The Giants have their new general manager. Joe Schoen now has the daunting task of turning around the fortunes of a franchise that sunk to the bottom of the NFL during five years of unprecedented losing.
Schoen, 42, is the choice of Giants ownership, surviving the initial nine-man candidate pool and then rising above the other two finalists, Adam Peters of the 49ers and Ryan Poles of the Chiefs. The decision to hire Schoen was made by co-owners John Mara and Steve Tisch. If he can infuse the Giants with what he helped inject into the Bills, it will be a move to be praised for years to come.
There is no time for victory laps. Schoen must immediately turn his attention to moving forward with his list of head coach options, as the Giants fired Joe Judge two years into a five-year contract. Schoen’s Bills face the Chiefs in Kansas City Sunday night in an AFC divisional playoff game but Schoen will immediately dive into the coaching search with the Giants.
The natural instinct is to link Schoen to Brian Daboll, the Bills’ offensive coordinator, and that instinct should not be ignored. Figure Daboll is a serious contender and at the top of Schoen’s list. Co-owner John Mara last week said there are no “package deals’’ when it comes to a general manager bringing in his own head coach, but a Schoen-Daboll power pairing to lead the Giants is definitely a strong and possible option.
The Giants, before choosing Schoen as their new general manager, requested an interview with Dan Quinn, the Cowboys’ defensive coordinator (and former Falcons’ head coach). Brian Flores, unexpectedly fired by the Dolphins after this past season, also will interest the Giants.
Schoen replaces Dave Gettleman, who the Giants sent into retirement after producing a record of 19-46 in his four years running the football operations. The Giants parted ways with Gettleman the day after their 4-13 season ended and Mara immediately stressed what he wanted out of the next general manager.
“We are looking for a person who demonstrates exceptional leadership and communication abilities,’’ Mara said, “somebody who will oversee all aspects of our football operations, including player personnel, college scouting and coaching.’’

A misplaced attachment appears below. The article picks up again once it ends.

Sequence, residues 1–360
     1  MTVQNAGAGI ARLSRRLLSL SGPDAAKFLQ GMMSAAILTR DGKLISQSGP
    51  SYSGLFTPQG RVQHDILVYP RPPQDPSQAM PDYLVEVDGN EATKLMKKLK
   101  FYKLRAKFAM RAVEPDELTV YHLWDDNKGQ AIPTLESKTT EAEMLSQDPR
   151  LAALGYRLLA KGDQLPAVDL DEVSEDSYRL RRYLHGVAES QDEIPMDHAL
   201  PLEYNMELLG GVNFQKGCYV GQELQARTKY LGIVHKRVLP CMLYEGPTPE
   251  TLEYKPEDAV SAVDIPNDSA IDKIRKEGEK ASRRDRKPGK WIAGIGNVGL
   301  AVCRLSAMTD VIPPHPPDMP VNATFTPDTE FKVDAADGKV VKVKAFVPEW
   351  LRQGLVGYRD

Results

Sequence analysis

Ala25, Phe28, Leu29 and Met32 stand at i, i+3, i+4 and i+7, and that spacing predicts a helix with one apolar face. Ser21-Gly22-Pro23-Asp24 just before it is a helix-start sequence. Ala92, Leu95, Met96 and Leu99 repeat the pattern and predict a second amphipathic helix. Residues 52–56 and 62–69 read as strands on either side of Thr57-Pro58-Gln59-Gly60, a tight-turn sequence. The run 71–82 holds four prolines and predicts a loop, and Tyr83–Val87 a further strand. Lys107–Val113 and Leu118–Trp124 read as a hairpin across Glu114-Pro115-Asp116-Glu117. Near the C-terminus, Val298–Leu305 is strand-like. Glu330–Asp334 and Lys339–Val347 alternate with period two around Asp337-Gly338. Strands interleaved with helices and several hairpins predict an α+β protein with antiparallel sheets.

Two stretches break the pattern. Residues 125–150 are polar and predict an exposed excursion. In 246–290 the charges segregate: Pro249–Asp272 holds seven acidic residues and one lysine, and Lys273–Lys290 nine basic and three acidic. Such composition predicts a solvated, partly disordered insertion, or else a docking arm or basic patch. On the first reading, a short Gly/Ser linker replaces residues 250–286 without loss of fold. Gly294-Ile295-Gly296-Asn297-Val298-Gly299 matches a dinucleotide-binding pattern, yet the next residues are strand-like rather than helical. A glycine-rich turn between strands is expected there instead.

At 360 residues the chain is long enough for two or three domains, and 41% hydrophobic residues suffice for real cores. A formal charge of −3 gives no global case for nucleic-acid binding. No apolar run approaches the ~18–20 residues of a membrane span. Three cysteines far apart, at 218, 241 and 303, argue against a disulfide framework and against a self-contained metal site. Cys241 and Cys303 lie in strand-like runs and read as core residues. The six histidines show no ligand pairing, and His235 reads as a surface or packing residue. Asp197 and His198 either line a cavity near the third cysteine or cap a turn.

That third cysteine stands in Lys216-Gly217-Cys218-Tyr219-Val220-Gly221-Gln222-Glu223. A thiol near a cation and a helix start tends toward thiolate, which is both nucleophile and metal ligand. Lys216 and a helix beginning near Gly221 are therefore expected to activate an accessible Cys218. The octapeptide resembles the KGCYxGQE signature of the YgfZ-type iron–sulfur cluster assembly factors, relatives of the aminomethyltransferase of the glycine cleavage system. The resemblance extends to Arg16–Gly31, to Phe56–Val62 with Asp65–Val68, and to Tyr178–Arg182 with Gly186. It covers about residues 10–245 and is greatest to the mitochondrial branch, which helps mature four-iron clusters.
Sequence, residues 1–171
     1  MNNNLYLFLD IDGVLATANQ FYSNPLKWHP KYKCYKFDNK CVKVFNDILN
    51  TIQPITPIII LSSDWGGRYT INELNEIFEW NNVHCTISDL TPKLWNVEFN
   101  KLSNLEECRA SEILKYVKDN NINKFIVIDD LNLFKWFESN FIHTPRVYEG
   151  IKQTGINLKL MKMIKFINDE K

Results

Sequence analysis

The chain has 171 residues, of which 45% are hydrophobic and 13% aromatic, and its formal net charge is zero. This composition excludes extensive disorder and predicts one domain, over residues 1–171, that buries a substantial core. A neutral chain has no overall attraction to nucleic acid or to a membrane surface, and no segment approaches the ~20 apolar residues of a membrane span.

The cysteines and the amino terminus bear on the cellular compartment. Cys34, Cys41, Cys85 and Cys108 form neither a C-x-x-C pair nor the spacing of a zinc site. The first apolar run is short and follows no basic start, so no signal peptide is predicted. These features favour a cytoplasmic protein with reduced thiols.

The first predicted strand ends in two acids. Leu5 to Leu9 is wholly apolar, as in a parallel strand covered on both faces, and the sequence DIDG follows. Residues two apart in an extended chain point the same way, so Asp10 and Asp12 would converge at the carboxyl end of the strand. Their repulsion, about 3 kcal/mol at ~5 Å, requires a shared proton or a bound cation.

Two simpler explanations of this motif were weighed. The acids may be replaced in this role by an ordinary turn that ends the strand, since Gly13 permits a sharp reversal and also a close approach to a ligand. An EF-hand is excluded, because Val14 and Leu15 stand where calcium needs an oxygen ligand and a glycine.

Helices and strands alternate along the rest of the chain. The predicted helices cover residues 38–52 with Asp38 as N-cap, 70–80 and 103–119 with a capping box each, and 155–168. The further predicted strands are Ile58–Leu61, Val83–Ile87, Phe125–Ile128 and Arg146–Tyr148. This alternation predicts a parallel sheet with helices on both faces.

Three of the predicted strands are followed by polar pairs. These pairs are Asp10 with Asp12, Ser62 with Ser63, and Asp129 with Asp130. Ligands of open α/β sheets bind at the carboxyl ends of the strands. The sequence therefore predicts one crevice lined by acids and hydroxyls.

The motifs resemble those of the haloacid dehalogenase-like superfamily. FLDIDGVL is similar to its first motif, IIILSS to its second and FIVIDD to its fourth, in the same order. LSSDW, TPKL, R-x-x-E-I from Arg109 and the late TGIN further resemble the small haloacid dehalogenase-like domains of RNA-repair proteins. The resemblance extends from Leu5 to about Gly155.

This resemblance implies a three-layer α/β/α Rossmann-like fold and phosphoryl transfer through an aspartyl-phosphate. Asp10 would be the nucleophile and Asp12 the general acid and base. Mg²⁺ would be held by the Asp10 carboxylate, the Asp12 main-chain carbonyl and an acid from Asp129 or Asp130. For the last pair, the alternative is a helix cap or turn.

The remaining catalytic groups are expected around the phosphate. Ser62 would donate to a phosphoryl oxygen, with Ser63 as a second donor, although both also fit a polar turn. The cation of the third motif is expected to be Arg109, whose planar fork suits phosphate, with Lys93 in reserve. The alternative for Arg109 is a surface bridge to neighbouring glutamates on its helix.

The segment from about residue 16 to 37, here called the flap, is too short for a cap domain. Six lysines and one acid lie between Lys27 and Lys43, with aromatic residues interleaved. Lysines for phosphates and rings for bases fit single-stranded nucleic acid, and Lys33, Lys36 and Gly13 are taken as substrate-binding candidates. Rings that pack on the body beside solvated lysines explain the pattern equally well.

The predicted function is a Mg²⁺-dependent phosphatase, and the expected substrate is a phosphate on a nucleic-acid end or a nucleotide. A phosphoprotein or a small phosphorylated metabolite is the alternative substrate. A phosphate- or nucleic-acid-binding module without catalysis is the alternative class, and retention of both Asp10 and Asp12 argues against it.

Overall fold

Schoen will be the point-man for the head coach search, and his recommendation must be approved by Mara and Tisch. This is common practice with the Giants, but there is nothing common with the authority Schoen will be given. Mara wants Schoen to handle every aspect of the football operation, acknowledging that there must be a new way of doing things and that the comfort zone the Giants have existed in, to a certain extent, can no longer be tolerated.
Schoen (pronounced “Shane”) is the first Giants general manager with no ties to the team since 1979, when George Young arrived to save a franchise on the tail end of what would be a 17-year playoff drought. Schoen was the first candidate the Giants met with via teleconference in the first round and he was going to be difficult to beat, as the Giants were high on him from the start of the process. He was also the first to be called back for a second interview, this time in-person at the Giants’ facility. That was Tuesday. Poles and Peters came in the next two days, respectively, but Schoen was the pick.
As the Bills’ assistant general manager, Schoen came to Buffalo in 2017, hired by general manager Brandon Beane (the two worked together previously with the Panthers). The duo helped the Bills end a stretch of 17 consecutive seasons without a playoff berth and built a powerhouse team, led by fast-improving quarterback Josh Allen.
In Buffalo, Schoen had a hand in personnel, analytics, communications and football operations. He was a finalist last year for general manager openings with the Panthers and Falcons.
Schoen played quarterback and wide receiver at Indiana’s DePauw University. As a national scout with the Dolphins in 2008, Schoen made an impression on Bill Parcells, the Hall of Famer and two-time Super Bowl champion head coach with the Giants. Parcells at the time was the executive vice president of football operations in Miami.
Schoen got his start in the NFL in 2000, working as an intern in the Panthers ticket office. It is 22 years later, and Schoen is entrusted with rebuilding the Giants.